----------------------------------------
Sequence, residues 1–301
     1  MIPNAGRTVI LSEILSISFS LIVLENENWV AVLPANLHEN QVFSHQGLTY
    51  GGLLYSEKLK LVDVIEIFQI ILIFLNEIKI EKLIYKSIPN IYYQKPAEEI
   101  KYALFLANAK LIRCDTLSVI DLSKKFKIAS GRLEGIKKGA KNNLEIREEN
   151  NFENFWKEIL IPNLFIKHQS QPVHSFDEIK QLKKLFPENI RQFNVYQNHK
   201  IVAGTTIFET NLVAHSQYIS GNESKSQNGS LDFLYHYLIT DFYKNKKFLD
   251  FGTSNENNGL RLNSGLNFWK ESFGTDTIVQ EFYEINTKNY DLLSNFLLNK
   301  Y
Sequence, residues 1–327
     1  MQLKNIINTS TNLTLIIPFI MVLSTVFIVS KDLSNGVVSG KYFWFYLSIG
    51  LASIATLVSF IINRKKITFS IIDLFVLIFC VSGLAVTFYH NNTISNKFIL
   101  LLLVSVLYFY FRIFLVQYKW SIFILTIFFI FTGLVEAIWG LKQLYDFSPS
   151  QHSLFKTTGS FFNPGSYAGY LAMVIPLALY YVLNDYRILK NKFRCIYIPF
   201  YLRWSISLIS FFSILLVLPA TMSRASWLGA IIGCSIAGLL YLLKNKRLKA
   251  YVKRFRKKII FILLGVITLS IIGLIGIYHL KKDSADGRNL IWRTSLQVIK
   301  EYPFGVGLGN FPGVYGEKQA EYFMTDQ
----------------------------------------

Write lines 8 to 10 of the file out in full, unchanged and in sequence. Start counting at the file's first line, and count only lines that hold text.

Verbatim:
   301  Y
Sequence, residues 1–327
     1  MQLKNIINTS TNLTLIIPFI MVLSTVFIVS KDLSNGVVSG KYFWFYLSIG